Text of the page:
Fall Festivals Are God’s People Asleep Today?


By Dale Erickson 

Most of us enjoy a good nap from time to time. For most of my life that just wasn’t possible. Some of that involved time pressures, caffeine and children, but the truth is my body just isn’t wired for taking naps. When I was able to nap, I would wake up groggy for an hour and then be unable to sleep that night. My father on the other hand, could take a 20-minute nap, wake up without an alarm and be totally revived. 

How many people could say that 2020 has been a year for rest? For those whose eyes are focused on a pandemic, protests, riots and unrelenting bad news, 2020 could be viewed as a “fearful time in our history.” For those with eyes to see that God is on the move, 2020 could be the alarm clock that wakes us up. 

What does that have to do with the title of this article, “Fall festivals”? 

Well, let me ask that in a different way. What do you know about the Jewish fall feasts of Rosh Hoshana, Yom Kippur and the Feast of Tabernacles and why should you care? If “I don’t have a clue” is your response, then read on. 

There were seven festivals that God required His people to celebrate. Leviticus 23:2 calls them the “appointed times.” You’ve probably heard a little about the spring festivals, such as Passover, the Feast of Unleavened Bread, First Fruits, and Pentecost. I would guess that you don’t know very much about the fall festivals, such as Rosh Hoshana (Yom Teruah), Yom Kippur, and the Feast of Tabernacles. For the sake of brevity, I will cut to the chase. The redemptive work pictured by the first four Jewish festivals were all fulfilled by Jesus on the very day that the Jewish people celebrated them. 

  • Passover (Pesach* – Nisan 14). Jesus is literally called our Passover lamb in 1 Corinthians 5:7.
  • Jesus cleansed us from our sin during the Feast of Unleavened Bread (begins Nisan 15 and runs for 7 days). See 1 Corinthians 5:6-8 and 1 John 1:9. 
  • Jesus arose from the dead on the Feast of First Fruits (Nisan 16). See 1 Corinthians 15:20.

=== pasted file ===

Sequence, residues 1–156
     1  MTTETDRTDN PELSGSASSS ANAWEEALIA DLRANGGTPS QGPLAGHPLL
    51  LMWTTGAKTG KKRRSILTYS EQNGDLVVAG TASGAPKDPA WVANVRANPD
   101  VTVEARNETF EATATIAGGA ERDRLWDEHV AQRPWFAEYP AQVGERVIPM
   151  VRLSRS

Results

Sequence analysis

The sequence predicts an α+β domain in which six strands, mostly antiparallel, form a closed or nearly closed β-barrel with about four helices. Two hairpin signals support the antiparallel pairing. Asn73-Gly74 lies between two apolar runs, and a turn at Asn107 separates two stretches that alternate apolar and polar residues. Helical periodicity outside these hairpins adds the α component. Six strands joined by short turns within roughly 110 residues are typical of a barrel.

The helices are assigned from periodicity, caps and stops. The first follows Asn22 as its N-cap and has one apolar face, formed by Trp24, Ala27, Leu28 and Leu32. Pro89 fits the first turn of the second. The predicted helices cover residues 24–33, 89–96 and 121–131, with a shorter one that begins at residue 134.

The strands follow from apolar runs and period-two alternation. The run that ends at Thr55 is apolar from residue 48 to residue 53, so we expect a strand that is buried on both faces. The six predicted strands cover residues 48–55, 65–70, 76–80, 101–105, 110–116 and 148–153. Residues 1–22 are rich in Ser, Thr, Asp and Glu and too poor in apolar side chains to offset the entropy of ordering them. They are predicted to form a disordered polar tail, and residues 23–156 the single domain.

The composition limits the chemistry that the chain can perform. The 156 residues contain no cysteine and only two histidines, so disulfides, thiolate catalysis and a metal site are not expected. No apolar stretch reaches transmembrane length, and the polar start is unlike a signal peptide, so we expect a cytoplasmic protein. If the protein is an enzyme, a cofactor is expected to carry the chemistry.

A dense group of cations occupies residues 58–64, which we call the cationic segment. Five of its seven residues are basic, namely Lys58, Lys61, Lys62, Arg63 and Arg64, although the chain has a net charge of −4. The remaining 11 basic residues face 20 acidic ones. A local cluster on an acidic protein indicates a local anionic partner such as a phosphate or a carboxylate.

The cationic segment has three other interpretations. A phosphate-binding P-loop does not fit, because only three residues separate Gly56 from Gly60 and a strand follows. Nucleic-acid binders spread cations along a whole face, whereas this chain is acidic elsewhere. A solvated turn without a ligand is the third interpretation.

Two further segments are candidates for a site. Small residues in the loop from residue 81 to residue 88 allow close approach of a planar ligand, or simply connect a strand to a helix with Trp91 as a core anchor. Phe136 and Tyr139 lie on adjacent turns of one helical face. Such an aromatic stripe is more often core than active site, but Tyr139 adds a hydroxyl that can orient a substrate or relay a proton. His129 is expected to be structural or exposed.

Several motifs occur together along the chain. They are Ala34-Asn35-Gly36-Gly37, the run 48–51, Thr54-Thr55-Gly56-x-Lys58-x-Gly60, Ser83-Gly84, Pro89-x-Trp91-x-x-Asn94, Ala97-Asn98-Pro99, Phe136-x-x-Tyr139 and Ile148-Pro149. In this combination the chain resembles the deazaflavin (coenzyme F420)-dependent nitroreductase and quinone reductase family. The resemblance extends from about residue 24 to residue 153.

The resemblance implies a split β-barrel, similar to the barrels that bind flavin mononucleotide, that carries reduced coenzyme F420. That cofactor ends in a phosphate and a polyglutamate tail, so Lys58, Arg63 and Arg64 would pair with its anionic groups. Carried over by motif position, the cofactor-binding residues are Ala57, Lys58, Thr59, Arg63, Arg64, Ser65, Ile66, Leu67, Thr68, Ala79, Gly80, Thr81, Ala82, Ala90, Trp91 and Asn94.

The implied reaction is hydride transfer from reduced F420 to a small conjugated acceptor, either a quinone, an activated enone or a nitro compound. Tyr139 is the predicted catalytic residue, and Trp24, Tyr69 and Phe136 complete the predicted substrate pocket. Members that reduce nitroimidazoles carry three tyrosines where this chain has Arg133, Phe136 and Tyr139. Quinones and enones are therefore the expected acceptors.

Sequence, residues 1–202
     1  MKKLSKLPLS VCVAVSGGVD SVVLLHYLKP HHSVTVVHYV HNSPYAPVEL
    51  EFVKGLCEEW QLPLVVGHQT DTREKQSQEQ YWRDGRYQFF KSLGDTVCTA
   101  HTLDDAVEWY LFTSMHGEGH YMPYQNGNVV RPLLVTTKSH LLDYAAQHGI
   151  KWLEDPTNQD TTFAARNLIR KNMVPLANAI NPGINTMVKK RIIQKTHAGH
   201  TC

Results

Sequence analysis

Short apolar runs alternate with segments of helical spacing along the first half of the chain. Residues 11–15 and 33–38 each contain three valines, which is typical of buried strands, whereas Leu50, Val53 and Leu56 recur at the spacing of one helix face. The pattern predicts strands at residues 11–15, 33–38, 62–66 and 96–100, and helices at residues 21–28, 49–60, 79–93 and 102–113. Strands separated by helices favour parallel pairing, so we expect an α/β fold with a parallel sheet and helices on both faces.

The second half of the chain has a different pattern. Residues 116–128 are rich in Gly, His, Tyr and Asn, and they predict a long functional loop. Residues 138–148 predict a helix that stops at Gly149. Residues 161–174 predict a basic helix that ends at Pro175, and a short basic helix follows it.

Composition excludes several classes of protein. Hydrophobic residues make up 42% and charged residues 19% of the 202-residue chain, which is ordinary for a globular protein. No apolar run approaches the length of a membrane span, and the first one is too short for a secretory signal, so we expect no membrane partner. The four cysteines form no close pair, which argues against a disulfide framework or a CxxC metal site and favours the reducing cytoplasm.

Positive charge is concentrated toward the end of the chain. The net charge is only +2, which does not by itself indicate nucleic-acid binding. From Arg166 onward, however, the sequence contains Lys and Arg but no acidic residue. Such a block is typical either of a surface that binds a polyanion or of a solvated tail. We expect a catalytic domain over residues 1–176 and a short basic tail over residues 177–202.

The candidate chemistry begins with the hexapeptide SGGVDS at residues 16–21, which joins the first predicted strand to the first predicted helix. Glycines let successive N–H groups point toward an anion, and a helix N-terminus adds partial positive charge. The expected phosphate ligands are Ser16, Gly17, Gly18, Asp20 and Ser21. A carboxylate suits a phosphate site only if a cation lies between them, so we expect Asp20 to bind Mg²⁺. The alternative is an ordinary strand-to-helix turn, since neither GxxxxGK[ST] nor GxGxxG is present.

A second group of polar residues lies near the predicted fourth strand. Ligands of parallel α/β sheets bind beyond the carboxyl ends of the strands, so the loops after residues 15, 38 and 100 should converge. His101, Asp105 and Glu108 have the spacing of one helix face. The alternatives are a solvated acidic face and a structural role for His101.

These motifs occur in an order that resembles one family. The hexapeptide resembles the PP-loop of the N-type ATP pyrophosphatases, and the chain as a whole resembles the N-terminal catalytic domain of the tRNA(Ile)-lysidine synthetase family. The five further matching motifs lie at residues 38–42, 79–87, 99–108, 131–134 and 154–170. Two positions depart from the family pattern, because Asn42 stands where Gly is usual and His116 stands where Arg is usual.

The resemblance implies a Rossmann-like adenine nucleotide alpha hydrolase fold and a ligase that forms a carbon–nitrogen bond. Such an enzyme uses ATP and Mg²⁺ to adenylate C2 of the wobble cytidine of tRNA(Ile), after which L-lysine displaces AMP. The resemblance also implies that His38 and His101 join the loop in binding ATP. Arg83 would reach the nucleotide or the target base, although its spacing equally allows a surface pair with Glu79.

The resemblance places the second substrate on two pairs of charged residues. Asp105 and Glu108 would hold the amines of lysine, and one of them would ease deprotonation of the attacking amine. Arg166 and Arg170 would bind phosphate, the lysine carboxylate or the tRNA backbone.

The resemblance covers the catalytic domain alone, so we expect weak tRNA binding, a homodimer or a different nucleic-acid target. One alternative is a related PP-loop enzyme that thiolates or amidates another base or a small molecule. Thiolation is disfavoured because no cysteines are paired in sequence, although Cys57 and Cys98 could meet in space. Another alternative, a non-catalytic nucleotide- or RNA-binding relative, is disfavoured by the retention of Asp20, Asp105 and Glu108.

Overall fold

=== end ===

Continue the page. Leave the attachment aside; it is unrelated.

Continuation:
• The disciples were instructed to wait for the Holy Spirit’s arrival, which according to Acts 2:1-4 happened on the day of Pentecost (Hag Shavout). 

Why do Christians overlook the festivals of the Lord? They are the shadow. We have the substance (Gal. 4:10-11; Col. 2:16,17; Rom. 14:6-7,10). Does that imply that we should ignore the redemptive pictures that the fall festivals reveal? No, and I will tell you why. Their fulfillment is truly at hand. 

God’s people in Jesus’ time did not have their eyes open to the redemptive acts of God taking place before their very eyes. Yes, they were asleep. 

  • The Feast of Trumpets (Yom Teruah) is known as the Day of the Awakening Blast. It is also known as Rosh Hoshana (Tishrei1-2 – September 18-20). This is the festival which the Jewish people will be celebrating when the gates of heaven are opened to the “righteous” at the trumpet blast. See 1 Thessalonians 4:13-18. 
  • The Day of Atonement (Yom Kippur,Tishrei 10 – September 27). This is the festival which the Jewish people will be celebrating when the books allowing access to God’s Kingdom are closed. See Mark 1:15. 
  • The Feast of Tabernacles (HagHaSuccoth, Tishrei 15-22 – October 2-9). This will be the festival which the Jewish people are observing when God’s people begin to tabernacle (dwell with) their Messiah. See Revelation 21:3; Zechariah 14:16-17; Isaiah 11:1-12. 

The redemptive fulfillment of the first of the fall festivals may or may not happen in 2020, but it is critical that God’s people be aware that the redemptive clock is moving towards completion. One thing is certain. God’s people in Jesus’ day were caught napping with disastrous results. Time to look up (wake up), for our redemption is drawing nigh. 

“But you, brothers and sisters, are not in darkness so that this day should surprise you like a thief. You are all children of the light and children of the day. We do not belong to the night or to the darkness. So then, let us not be like others, who are asleep, but let us be awake and sober.” – I Thessalonians 5:4-6 NIV 

Let’s hear the call to prayer for repentance and revival being called for by our contemporary leaders. Check into the details at www.TheReturn.org. 

*Explanation of terms (taken from Wikipedia.org): 

  • Pesach is another name for Passover, a major Jewish holiday that occurs in the spring during the Hebrew month of Nisan.
  • Tishreiis the seventh month of the ecclesiastical year in the Hebrew calendar. It is an autumn month of 30 days and usually occurs in September-October on the Gregorian calendar. 


Pastor Dale Roy Erickson understands and lives out the importance of prayer in his individual life and in the corporate life of the church. He is established as a gifted and creative teacher who carefully studies and presents the truth of God’s Word. He is the president of Prayerful Publishing, Inc., publishers of the Teach Us To Pray curriculum, Heaven Help Us books, and the Prayer Prompts Calendar, which has been downloaded for free in over 80 countries. He may be reached at [email protected], or visit www.prayerfulpublishing.com for more information. 

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